Giving Up Your Life to Care for Elderly Parents- The Caring Generation®

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The Caring Generation® – Episode 57 September 23, 2020. On this caregiving radio program, Pamela D Wilson, caregiving expert talks about working and caring for elderly parents relating to Giving Up Your Life to Care for Elderly Parents. Guest Dr. Vanessa Bohns from Cornell University ILR shares research about How to Ask for Help Without Feeling Guilty.

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Giving Up Your Life to Care for Elderly Parents

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00:04 Announcer: Caregiving can sometimes feel like an impossible struggle; caregivers may be torn between taking care of loved ones and trying to maintain balance in life. The good news is that it doesn’t have to be that way. The Caring Generation, with host Pamela D. Wilson, is here to focus on the conversation of caring, you’re not alone, in fact, you’re in exactly the right place to share stories and learn tips and resources to help you and your loved ones. So now, please welcome the host of The Caring Generation. Pamela D. Wilson.

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00:48 Pamela D. Wilson: This is Pamela D. Wilson, caregiving expert. I’m your host on The Caring Generation radio program coming to you live from the BBM Global Network, Channel 100, and TuneIn radio. The Caring Generation focuses on conversations about health, well-being, caring for ourselves and loved ones, all tied together with humor and laughter that are essential to being a caregiver. The subject for our caregiving radio program is giving up your life to care for elderly parents by request of many caregivers. Adult children caregivers experience a whole range of emotions in the process of working and caring for elderly parents, that feels like a balancing act. During this radio program for caregivers, I’ll share seven helpful insights about giving up your life to care for elderly parents. The guest for the health and wellness segment of this caregiver radio program is Dr. Vanessa Bohns, Associate Professor in the Department of Organizational Behavior at the ILR School at Cornell University. ILR stands for Industrial and Labor Relations. The ILR School focuses on work, employment, and labor issues. You might be wondering how Dr. Bohns applies—her research focuses on social influence and the extent to which people recognize the influence they have on others. How does this apply to caregivers?

02:13 Pamela D. Wilson: She joins us to talk to caregivers about how to ask for help without feeling guilty. Asking for help and feeling guilty are topics that most caregivers know very well. This leads us back to the subject of giving up your life to care for elderly parents. The first insight is called pain and joy. How to live through losses? We experience losses in life as a result of a lot of separate and combined events. For caregivers, giving up your life to care for elderly parents builds on personal and caregiving losses. Working and caring for elderly parents involves personal losses, like watching the health of elderly parents decline. Feeling helpless and knowing that you, the caregiver, might eventually be in the same situation as your elderly parents. That can be really scary. Shifts in family roles and responsibilities result from being a caregiver. Some caregivers consider the time responsibilities of working and caring for elderly parents to be overwhelming, and honestly, they are. The idea of giving up your life to care for elderly parents is more apparent when you give up a job, or you give up a promising career. The long-term effects may not be evident right away. Family and friends might tell you that your reward will be in heaven. While that may be true, that doesn’t really help a caregiver today.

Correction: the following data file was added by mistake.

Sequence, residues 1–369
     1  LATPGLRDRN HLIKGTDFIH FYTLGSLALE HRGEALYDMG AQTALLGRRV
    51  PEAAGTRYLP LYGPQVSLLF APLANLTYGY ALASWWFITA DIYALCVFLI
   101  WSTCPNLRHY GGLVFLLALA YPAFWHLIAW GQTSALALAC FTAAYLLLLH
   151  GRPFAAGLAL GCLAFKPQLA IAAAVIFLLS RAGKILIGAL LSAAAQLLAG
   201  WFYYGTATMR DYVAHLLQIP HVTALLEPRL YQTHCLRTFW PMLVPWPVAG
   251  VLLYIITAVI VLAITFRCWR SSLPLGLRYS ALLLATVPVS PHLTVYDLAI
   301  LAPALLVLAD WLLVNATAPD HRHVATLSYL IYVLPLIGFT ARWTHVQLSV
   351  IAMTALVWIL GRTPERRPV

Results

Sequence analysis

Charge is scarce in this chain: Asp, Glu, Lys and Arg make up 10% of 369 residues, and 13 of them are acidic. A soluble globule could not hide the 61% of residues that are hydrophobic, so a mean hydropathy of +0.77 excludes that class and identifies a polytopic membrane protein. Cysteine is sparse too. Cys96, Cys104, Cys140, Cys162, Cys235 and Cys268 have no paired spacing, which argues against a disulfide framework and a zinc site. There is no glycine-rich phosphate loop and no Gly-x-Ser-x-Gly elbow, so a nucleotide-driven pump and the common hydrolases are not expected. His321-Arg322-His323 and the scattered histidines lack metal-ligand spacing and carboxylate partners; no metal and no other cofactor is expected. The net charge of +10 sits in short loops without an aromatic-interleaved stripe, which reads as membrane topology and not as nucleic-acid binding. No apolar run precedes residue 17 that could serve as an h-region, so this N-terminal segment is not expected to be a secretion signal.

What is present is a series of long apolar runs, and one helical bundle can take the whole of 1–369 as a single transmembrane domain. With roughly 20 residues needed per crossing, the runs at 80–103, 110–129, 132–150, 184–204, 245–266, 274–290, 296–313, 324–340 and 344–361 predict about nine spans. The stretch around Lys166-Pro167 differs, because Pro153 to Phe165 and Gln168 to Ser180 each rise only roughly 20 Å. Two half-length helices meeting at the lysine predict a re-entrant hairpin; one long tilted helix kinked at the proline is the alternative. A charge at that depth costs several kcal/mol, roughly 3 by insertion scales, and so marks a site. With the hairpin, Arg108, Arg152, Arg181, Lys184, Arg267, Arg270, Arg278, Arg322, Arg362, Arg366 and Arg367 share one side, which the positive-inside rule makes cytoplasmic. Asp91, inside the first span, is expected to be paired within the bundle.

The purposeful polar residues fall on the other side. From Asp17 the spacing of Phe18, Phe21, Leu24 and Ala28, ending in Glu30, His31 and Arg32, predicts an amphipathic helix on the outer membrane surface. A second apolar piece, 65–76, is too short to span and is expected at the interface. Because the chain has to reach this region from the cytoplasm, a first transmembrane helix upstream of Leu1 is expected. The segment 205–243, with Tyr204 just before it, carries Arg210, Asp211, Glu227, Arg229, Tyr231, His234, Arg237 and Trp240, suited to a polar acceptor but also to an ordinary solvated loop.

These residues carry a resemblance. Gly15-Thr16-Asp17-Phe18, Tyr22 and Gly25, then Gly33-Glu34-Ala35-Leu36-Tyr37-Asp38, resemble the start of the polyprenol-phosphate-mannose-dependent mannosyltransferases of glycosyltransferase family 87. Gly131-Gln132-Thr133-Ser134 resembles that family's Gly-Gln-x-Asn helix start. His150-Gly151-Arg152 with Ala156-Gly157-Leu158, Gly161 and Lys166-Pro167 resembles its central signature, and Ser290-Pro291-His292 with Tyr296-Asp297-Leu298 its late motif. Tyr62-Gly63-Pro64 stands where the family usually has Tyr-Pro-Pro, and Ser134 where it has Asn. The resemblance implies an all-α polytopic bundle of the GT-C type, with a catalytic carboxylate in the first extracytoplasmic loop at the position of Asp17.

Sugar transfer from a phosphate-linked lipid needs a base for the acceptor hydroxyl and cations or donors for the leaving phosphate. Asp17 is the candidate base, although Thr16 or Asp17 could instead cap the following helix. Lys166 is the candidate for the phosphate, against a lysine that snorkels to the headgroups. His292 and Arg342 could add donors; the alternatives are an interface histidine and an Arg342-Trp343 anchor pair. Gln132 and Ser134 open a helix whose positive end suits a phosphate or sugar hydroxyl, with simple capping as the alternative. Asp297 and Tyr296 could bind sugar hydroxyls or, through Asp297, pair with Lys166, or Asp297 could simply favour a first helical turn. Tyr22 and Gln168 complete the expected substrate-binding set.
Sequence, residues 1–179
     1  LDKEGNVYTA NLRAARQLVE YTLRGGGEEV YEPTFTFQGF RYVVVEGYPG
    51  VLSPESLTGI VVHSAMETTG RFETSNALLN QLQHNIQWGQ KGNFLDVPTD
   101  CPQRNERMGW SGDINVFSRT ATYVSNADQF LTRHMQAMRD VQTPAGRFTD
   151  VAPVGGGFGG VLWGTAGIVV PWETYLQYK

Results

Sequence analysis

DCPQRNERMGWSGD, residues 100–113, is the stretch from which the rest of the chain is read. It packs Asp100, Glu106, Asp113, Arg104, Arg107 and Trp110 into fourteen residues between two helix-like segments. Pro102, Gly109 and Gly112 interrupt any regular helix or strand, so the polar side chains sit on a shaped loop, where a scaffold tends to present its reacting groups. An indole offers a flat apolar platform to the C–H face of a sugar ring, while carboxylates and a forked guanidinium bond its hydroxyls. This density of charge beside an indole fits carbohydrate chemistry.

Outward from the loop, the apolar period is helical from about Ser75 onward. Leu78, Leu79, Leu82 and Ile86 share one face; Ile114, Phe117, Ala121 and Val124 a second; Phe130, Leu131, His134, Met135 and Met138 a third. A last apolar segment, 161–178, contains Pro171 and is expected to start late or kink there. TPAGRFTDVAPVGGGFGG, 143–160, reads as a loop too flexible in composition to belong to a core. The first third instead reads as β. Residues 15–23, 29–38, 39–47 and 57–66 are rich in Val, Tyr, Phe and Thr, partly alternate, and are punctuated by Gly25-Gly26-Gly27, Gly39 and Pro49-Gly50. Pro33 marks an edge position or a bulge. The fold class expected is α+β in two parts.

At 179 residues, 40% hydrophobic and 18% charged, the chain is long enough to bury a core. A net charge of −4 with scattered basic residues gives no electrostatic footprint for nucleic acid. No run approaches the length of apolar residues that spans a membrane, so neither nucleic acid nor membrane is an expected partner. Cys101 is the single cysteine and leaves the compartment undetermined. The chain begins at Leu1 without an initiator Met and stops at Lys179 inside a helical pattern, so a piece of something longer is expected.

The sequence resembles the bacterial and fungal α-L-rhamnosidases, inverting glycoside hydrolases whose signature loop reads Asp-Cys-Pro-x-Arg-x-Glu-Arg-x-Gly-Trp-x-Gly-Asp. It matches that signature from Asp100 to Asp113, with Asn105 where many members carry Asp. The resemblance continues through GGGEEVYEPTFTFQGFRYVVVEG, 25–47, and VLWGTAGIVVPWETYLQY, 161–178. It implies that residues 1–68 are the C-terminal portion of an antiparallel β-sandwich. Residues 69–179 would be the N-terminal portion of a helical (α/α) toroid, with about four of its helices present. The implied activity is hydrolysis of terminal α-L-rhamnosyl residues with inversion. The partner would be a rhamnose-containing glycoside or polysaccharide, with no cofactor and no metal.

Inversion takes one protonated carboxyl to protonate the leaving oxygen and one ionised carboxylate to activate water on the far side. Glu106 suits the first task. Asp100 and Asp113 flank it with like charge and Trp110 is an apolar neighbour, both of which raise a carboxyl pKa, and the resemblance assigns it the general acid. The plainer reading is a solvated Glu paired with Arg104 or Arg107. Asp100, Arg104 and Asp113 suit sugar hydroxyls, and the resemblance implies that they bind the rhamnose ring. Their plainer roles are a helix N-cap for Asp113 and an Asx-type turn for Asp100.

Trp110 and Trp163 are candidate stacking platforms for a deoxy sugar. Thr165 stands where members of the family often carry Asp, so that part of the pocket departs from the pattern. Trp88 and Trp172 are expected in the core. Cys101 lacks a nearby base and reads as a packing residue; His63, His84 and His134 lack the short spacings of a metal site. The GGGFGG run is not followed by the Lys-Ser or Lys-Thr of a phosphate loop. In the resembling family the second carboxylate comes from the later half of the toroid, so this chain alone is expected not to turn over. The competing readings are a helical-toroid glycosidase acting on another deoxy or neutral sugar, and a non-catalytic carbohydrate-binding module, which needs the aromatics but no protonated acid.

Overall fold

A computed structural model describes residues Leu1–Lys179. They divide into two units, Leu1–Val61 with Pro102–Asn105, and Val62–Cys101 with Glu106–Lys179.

03:45 Pamela D. Wilson: Thinking of heaven might be comforting, though, until you try to re-enter the workforce and get a job. Employers tell you, “Oh, what a nice thing you did, giving up your life to care for elderly parents.” But your skills—they are outdated. Now, you struggle to find a job and learn new skills. Even a couple of years out of the workplace can result in a wake-up call that working and caring for elderly parents by remaining employed might have been the better path to take, instead of giving up your life to care for elderly parent totally. On a similar subject. The subject of money and financial planning, the cost of caring for elderly parents, they quickly add up. Health insurance, medications, alternative therapies like massage or chiropractic, add to this— in-home caregivers, the potential of moving to a care community at $180 or more per day or a nursing home at $300 per day. Caregivers quickly realized that elderly parents haven’t saved. That there isn’t enough money to pay for this type of care. The next realization is that there are trade-offs between working and caring for elderly parents, and that giving up your life to care for elderly parents—while a noble idea, may not or may not have been a very logical or practical idea when you look back.

05:12 Pamela D. Wilson: What happens when the caregiver needs care, and there is no money? Is sending caregiving responsibilities down to the next generation, your children, a thoughtful decision? In my years as a care navigator, I met with a lot of elderly parents who were planning for their care. Elderly parents who told me that their children would gladly accept caregiving responsibilities. I’m smiling because you know what’s coming up here. My question to them, “have you asked your children, or are you assuming this is the way that it will be?” You might be surprised to hear that many of these elderly parents had not had caregiving decisions or discussions with their adult children. That is no surprise. Most parents assume that working and caring for elderly parents would be a priority for their adult children who became caregivers. This is how the idea of giving up your life to care for elderly parents should begin in families. There should be discussions about caregiving and how caregiving responsibilities affect adult children, their lives, their families, their work.